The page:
Use this URL to cite or link to this record in EThOS: http://ethos.bl.uk/OrderDetails.do?uin=uk.bl.ethos.719557
Title: Infrared and multivariate studies of a biopolymer
Author: Welsh, Calum D. M.
Awarding Body: University of Nottingham
Current Institution: University of Nottingham
Date of Award: 2017
Availability of Full Text:
Access from EThOS:
Full text unavailable from EThOS. Thesis embargoed until 18 Jul 2019
Access from Institution:
Abstract:
This Thesis utilises vibrational spectroscopy in combination with multivariate and two-dimensional analytical techniques to probe the interactions of a biopolymer in water-based systems. Chapter 1: This Chapter gives an introduction to the Thesis and briefly outlines the experimental tech- niques used to study biopolymeric systems before covering the theory and implementation of the multivariate and two-dimensional methods used. A brief introduction to carrageenan, the biopolymer of interest, is then given. Chapter 2: The general experimental procedures are discussed together with the development of a new low-temperature ATR system, which allows very precise control and variation of sample tem- perature. The latter is key to many of the measurements and analyses reported in this thesis. The ATR system is stable to 0.01 C over a temperature range of -30 to 80 C. Many of the tech- niques used within this thesis rely on the Matlab environment. Analysis methods that are not commercially available have been programmed as part of my work. The theoretical background is discussed and the scripts for these functions are included in the Appendix. Chapter 3: Three commercially available carrageenans, k-, i- and l-carrageenan are studied with infrared spectroscopy. The carrageenan solutions are cooled from ca. 80 to 10 C. k- and i-carrageenan undergo a gelation transition during the cooling and this is investigated with a variety of analysis methods. The gelation transition can be monitored with FTIR allowing insight into the struc- tural rearrangement of the biopolymer as a function of temperature. The spectral transitions are probed with multivariate (PCA & MCR) and two-dimensional (2DCOS, MW2D & PCMW2D) techniques. Structural rearrangement for k- and i-carrageenan is observed, with various sulfate based modes showing the most intense changes to temperature. As cooled from 80 to 10 C, k- and i-carrageenan showed sulfate vibrational modes changing predominantly before vibrations associated with the backbone of the polyelectrolyte (C-O-C), indicating a sequential order to the molecular rearrangement occurring during the gelation transition. Chapter 4: Investigation of a 2 % i-carrageenan in H2O is frozen and probed with infrared spectroscopy using a modified low-temperature ATR accessory. The sample is cooled past it’s freezing point and is then subjected to short term, constant temperature storage. Changes in structure of the water and carrageenan are observed as a function of time post-freezing. Analysis by multivariate, two-dimensional and band fitting routines is applied, allowing the post freezing spectral perturbations to be monitored. Several spectral changes within the fingerprint region occur at a different rate, these have been proposed as vibrations associated with the backbone and pro- truding groups of i-carrageenan showing di↵erent processes in response to being frozen. Initially post-freezing, large changes in the O-H stretch region for H2O are observed, before subsiding and and followed by changes in the structure of carrageenan. These effects suggests an interaction between i-carrageenan and ice. Chapter 5: The use of a confocal Raman microscope, installed at Unilever’s Colworth facility has been used to investigate i-carrageenan in frozen systems. A gradient temperature stage allows formation of ice-fronts and a variety of these type of systems are probed. Changes in the concentration of carrageenan are seen dependant on the movement of the ice-front. Progressing an ice front into a gelled (unfrozen) section of the sample results in a large increase in carrageenan concentration at the ice-front. This indicates that the slow growth of the ice crystal is excluding the carrageenan and causing a freeze-concentration effect at the ice-front.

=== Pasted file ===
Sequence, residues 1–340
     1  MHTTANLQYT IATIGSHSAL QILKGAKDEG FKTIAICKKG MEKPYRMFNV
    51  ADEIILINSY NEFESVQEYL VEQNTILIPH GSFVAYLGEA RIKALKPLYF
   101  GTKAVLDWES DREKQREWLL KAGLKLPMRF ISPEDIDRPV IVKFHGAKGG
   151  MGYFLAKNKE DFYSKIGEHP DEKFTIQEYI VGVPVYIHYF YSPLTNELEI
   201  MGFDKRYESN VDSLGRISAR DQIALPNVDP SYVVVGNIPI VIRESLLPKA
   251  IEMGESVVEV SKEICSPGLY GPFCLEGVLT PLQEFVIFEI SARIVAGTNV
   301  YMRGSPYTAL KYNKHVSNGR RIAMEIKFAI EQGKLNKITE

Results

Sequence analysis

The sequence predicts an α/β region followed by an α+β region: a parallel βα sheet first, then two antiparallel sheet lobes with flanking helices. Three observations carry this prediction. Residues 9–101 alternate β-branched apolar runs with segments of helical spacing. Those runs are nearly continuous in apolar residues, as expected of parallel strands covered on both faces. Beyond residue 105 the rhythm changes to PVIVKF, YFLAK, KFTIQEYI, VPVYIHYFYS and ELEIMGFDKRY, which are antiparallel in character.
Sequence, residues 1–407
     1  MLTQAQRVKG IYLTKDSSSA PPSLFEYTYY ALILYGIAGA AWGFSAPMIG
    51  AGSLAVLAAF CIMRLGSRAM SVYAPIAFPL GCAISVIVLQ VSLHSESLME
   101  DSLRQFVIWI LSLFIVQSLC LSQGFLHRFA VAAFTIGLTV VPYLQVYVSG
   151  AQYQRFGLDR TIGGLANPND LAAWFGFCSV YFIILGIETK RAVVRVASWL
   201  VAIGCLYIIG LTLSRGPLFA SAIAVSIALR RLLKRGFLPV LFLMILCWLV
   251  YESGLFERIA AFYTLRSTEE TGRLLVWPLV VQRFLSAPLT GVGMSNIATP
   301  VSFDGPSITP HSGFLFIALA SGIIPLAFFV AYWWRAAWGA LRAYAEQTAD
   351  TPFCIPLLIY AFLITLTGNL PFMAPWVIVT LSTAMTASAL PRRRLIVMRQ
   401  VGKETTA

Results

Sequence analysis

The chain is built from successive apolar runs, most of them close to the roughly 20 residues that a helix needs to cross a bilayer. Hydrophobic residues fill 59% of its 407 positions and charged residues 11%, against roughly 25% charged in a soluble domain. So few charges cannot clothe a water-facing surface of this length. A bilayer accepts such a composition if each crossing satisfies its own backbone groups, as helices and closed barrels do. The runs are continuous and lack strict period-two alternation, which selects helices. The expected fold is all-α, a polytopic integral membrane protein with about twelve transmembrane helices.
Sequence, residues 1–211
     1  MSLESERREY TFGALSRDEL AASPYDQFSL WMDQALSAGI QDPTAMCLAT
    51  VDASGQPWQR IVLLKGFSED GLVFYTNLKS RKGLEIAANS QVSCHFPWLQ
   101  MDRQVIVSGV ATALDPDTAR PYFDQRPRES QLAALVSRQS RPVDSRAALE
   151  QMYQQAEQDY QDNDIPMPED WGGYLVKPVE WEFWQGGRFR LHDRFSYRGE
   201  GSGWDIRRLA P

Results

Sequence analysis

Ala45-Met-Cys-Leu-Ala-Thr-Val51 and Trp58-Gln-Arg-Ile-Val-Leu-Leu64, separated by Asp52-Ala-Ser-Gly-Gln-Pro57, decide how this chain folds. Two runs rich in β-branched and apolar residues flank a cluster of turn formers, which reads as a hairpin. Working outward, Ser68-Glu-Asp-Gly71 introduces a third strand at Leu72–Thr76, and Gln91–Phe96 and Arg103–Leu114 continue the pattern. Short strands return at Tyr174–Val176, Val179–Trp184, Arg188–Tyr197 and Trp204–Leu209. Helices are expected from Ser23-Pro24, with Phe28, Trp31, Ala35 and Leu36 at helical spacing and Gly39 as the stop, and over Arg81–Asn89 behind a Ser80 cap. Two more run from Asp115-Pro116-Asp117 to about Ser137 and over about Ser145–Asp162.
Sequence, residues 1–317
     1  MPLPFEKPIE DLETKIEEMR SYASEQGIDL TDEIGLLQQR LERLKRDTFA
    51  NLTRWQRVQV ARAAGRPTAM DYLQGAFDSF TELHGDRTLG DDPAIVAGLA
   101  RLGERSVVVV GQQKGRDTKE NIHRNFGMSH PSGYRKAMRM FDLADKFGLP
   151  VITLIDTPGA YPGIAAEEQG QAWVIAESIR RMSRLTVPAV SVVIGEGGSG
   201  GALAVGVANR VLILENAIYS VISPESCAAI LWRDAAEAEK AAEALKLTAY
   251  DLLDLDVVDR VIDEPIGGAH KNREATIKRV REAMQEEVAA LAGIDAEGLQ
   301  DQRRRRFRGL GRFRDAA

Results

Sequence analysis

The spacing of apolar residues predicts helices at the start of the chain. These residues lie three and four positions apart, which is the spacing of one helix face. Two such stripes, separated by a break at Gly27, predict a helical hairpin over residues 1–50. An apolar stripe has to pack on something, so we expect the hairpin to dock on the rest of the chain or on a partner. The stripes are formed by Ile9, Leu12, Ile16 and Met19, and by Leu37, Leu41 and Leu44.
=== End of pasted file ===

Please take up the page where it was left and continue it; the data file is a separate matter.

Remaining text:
Supervisor: Not available Sponsor: Not available
Qualification Name: Thesis (Ph.D.) Qualification Level: Doctoral
EThOS ID: uk.bl.ethos.719557  DOI: Not available
Keywords: QD 71 Analytical chemistry ; QP501 Animal biochemistry
Share: